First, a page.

November 25, 2015
Volume 17, Issue 24
Midwifery Today E-News
“Childbirth Education”
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In This Week’s Issue

Cyber Monday Savings! Save $11 on your Midwifery Today subscription!

MT storeNow until Nov. 30, you can save $11 (up to 20%!) on a one-year Midwifery Today subscription. It's our special gift to you. Just enter code 3828 in the coupon field when you check out. This special offer is good on one-year subscriptions only. It cannot be used with special packages or any other subscription discount. Hurry! Nov. 30 is the last day you can take advantage of this great deal. To order

Get practical information about how to have a natural birth in any setting

MT online store The Down to Earth Birth Book has information on herbs, nutrition, exercise, yoga, massage, breathing for birth, the stages of labor, waterbirth, breech birth, mastitis, foods for early breastfeeding and much more. You will also find diagrams, illustrations and over 90 color and black and white photos. This is a book you will return to time and again for information on birth preparation, as an in-the-moment birth guide, and as a reference for after the birth. To order

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Quote of the Week

If you are not willing to learn, no one can help you. If you are determined to learn, no one can stop you.


The Art of Midwifery

I treat the women I work with as friends, not just clients or patients, and nurture our relationship well beyond a strictly health care model. Our visits are open ended, usually an hour or more long, with free phone access in between. I want to know each woman as a unique person, learning what’s important to her within the context of her individual family/friends/spiritual support systems.

Judy Edmunds, excerpted from “My Top 10 Favorite Complementary Modalities,” Sharing Midwifery Knowledge, Tricks of the Trade, Vol. IV, a Midwifery Today book
View table of contents / Order the book

Midwifery Today Conferences

Harrisburg conferenceLearn about Amish and Mennonite Midwifery with Mary Cooper and Diane Goslin

Have you ever wondered what it might be like to work in an Amish or Mennonite community with little in the way of amenities, and challenges that go beyond the typical? Mary and Diane have attended over 11,000 births in these communities. Come listen as they share their experiences in assisting plain and “English” (non-plain) birthing women.

Learn more about the Harrisburg, Pennsylvania, conference.

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You’ll get even more content when you subscribe to our quarterly print magazine, Midwifery Today. Subscribe here.

Editor’s Corner

Social Networking Is Great Fun

During the Bad Wildbad, Germany, Midwifery Today conference, Debra Pascali-Bonaro and I did a roundtable on social networking. I do a lot with Facebook but there are so many more splendid platforms to work with to reach birth practitioners and women having babies. We want to be where pregnant women are in order to let birthing moms know the ropes in childbirth today, hopefully even before they get pregnant. The more various places we can chat with them, share photos and information, the better chance they will have to choose a birth place that gives them and their babies the best chance at a positive birth.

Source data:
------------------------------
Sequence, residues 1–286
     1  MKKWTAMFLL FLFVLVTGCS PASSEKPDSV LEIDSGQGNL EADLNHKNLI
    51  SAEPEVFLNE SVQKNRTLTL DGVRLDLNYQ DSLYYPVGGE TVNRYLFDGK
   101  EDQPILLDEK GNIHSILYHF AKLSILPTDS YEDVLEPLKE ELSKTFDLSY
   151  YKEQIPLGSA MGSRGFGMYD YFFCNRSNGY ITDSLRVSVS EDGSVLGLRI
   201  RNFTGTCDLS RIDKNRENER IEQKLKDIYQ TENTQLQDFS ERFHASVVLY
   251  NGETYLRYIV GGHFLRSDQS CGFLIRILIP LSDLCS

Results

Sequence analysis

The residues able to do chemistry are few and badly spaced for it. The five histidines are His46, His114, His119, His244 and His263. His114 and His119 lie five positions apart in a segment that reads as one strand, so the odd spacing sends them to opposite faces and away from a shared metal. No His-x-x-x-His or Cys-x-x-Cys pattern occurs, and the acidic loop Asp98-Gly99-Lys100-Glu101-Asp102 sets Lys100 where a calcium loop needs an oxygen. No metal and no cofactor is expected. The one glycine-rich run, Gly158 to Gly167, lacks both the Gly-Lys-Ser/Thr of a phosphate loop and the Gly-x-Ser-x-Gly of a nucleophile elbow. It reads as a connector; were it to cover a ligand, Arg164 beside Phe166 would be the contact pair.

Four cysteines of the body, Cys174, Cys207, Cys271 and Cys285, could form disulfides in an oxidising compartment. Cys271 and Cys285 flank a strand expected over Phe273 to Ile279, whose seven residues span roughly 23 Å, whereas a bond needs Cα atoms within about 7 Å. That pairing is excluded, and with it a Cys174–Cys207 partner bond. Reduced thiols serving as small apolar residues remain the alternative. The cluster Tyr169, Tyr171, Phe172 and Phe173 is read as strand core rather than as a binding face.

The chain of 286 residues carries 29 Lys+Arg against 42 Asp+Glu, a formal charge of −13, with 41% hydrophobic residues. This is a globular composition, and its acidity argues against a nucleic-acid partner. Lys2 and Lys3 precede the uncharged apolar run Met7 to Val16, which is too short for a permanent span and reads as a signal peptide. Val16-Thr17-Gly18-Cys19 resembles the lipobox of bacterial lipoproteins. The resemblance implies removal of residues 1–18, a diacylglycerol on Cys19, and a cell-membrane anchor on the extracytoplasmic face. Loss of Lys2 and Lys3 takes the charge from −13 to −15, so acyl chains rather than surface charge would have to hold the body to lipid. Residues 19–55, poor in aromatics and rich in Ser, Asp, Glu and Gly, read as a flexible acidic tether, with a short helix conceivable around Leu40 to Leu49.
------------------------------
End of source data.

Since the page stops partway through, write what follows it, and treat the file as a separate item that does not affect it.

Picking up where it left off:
What I learned from Debra is that Facebook is geared mostly for people over 40. The young ones mostly use Twitter and Instagram. I am now trying to master those platforms before everyone goes to another platform! Through social media, we are able to reach so many more people than we were before. But with the ease of information sharing, there is a lot more misinformation out there. Let’s all use our various media to spread the good words about birth. The bottom line is, “Moms, you can do it!”

Join me on Pinterest, Twitter, LinkedIn, Instagram and Facebook. If you have another favorite place, use old-fashioned e-mail and tell me about it at

— Jan Tritten, mother of Midwifery Today

Jan Tritten is the founder, editor-in-chief and mother of Midwifery Today magazine. She became a midwife in 1977 after the amazing homebirth of her second daughter. Her mission is to make loving midwifery care the norm for birthing women and their babies throughout the world. Meet Jan at our conferences around the world, or join her online, as she works to transform birth practices around the world.

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Midwifery Education: Caring and Sharing (Facebook)

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Conference Chatter

Birth Is a Human Rights Issue

As you may know, we have another conference coming up in Strasbourg, France. Because the issue of human rights in childbirth is so important, and because the European Court of Human Rights is based in Strasbourg, we are going there again. Our theme is “Birth Is a Human Rights Issue,” as it was when we were there in 2010. Please join us 19–23 October 2016. We will have the program ready for you in about a month.

Our teachers are Diane Goslin, Verena Schmid, Eneyda Spradlin-Ramos, Gail Hart, Fernando Molina, Carol Gautschi, Cornelia Enning, Tine Greve, Hermine Hayes-Klein, Michel Odent and many more. Save the date!

— Jan Tritten

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Featured Article

Teaching about Birth

Often times when birth is spoken of, words like “primal” and “instinctual” are used. Unfortunately, birth that many women experience is very far removed from these descriptions. Birth instead becomes a managed process, filled with words, machines, interruptions and interventions.